Do you remember the Mirai botnet attack?
If your enterprise had any online presence on October 12, 2016, then you most likely do—and with a shudder at that. The IoT botnet attack brought down huge parts of the Internet, especially on the east coast of the U.S.A. Thankfully, we haven’t seen an IoT botnet attack on the same scale since that fateful day, but enterprises are adding fuel to a potential fire by fostering the growing IoT market. According to a Ponemon study, 16,000 IoT devices connect to the average enterprise’s network every day.
That’s where IoT Endpoint Security Best Practices come in: to secure what seems on the surface inherently insecure.
The Context for IoT Endpoint Security
By definition, an IoT device refers to any non-computer electronic device that possesses processing power and an internet connection. Devices can include cameras, smart watches, routers, voice-activated assistant devices, etc.
The problem with these devices connecting to your enterprise’s network is that IoT devices are most often run on firmware that is difficult to patch if not outright impossible. Additionally, if they have come with administrative passwords on their processor, they are usually incredibly easy to guess or crack. Consumer-facing IoT devices often have their specs and firmware published by manufacturers online, accessible to anyone and therefore easily reverse-engineered to reveal security vulnerabilities.
97% of enterprises, according to a Ponemon study, believe they will suffer a catastrophic IoT-related data breach in the near future. 81% of enterprises say that an unsecured IoT device will cause a data breach in their enterprise over the next two years.
Put another way, IoT devices are a growing attack surface in your enterprise’s IT environment. Yet it can be challenging to even evaluate how many IoT devices are connecting to your enterprise’s network. Only 45% of enterprise respondents to Ponemon believe it is possible for them to keep an inventory of all of their IoT devices. 88% said that the absence of a centralized control dashboard as the primary reason for this challenge.
IoT Endpoint Security Best Practices
In order to fight against letting IoT devices becoming an unguarded attack vector in your network, follow these IoT endpoint security best practices:
Initiate An Incident Response Plan
Prevention is a critical aspect of cybersecurity and endpoint security in particular, but the sad truth is that no system can protect against 100% of threats. When a threat does inevitably break through your preventative measures, you need to make sure that employees and IT security team members can recognize the threat and know what to do to contain it and alert relevant parties.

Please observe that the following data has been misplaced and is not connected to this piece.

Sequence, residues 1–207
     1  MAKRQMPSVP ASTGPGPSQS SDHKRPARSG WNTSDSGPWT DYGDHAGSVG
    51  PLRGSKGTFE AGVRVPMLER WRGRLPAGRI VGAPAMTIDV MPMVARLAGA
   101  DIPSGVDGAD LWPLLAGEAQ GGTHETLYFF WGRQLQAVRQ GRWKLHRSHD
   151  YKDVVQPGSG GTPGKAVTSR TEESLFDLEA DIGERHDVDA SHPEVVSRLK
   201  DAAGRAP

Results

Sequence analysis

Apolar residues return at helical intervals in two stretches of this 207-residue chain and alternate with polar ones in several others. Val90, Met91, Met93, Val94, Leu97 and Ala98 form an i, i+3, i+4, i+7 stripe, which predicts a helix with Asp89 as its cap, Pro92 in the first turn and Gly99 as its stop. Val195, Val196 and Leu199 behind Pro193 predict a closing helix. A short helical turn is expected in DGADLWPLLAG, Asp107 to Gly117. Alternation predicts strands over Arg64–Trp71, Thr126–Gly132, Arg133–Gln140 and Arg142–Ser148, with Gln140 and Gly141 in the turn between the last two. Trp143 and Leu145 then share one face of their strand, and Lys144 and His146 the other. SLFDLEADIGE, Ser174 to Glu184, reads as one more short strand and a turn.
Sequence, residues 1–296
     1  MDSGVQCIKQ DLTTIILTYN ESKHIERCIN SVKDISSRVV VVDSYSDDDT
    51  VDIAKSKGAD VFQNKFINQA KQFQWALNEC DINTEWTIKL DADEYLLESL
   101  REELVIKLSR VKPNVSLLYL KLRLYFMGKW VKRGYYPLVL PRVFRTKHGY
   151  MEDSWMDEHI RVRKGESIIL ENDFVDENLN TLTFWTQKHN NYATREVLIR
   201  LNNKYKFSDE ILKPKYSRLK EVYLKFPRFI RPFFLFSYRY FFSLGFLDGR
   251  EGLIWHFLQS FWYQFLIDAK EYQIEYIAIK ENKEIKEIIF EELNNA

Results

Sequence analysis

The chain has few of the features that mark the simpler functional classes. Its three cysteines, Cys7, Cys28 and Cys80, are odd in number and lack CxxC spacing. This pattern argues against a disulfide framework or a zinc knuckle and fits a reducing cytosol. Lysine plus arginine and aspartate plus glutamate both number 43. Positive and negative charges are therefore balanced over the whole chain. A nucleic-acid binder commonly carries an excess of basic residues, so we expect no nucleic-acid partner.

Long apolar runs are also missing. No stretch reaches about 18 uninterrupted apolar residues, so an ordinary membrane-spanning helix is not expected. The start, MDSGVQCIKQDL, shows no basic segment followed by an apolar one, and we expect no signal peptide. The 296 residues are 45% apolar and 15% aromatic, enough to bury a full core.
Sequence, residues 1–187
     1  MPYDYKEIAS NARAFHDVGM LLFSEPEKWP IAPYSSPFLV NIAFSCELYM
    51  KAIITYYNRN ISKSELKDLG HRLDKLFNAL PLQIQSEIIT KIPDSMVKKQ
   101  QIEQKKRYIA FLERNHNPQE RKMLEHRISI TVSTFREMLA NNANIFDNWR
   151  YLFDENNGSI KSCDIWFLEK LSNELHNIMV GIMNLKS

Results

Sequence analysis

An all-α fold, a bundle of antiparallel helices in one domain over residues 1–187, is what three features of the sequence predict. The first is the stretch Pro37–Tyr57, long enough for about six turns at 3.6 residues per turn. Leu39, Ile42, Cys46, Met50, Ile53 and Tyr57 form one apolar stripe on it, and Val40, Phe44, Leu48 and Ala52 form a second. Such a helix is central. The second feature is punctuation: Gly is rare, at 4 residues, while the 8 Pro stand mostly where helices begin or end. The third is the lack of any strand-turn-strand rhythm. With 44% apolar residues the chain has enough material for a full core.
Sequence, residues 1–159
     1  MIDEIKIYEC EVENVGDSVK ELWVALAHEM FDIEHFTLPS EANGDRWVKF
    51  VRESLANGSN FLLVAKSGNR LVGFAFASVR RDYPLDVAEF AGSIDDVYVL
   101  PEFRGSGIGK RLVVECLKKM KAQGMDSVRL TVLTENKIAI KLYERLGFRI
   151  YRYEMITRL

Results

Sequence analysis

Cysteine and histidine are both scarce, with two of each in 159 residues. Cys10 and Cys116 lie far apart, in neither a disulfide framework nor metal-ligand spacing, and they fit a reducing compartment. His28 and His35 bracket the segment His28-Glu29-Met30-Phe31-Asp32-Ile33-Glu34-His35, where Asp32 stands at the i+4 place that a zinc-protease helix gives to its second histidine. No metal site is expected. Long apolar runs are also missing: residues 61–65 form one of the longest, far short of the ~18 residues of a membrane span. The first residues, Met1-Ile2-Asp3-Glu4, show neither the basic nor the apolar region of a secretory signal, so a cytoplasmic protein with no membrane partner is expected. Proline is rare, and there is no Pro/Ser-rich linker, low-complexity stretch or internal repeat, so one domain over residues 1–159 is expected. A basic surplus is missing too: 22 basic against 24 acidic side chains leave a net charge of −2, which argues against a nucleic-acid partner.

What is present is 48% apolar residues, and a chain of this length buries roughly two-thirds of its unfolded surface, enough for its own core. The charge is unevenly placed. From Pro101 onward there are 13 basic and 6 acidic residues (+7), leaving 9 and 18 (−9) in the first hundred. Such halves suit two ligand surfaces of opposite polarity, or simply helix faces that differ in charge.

Deploy Only Appropriate IoT Devices
This may seem like an odd point to be included in a list of IoT endpoint security best practices, but it’s actually important to recognize that your own selection process is a factor in your security.
If you are selecting a new IoT device, make sure that device can be remotely updated. If you have older IoT devices, see if they have been updated recently and if they are even still receiving updates. If they can’t be updated, or are no longer receiving updates, it is time to disconnect it from your network. Find a new device that does the same functions, and keep all of your devices updated.
Turn Off The Devices You Aren’t Using.
Common sense? Yes. But it’s still a good step to enforce in your employees’ everyday behavior. And when you turn IoT devices off, also take a moment to deliberately disconnect them—many IoT devices continue to function while “off.”
Keep IoT Devices “Separate”
This means separate on the network—behind its own firewall and monitored network if possible— but also out of reach from employees’ physical reach. Unless absolutely necessary, employees should haven’t access to IoT devices. They can easily change the password on these items and increase the risk of insider threats.
Encrypt and Monitor
Always, always encrypt your IoT devices when possible. If you can, only connect IoT devices with encryption.
Further, your IT security team should be monitoring the network traffic stemming from and going to your IoT devices. This can help detect suspicious activity and DDoS attacks before they occur.
These are all good places to start, but for optimal success make sure that IoT endpoint security best practices are incorporated into your business processes and employees’ behavior. Your security is dependent as much on your teams as it is on your solutions. Work with your solution, not against.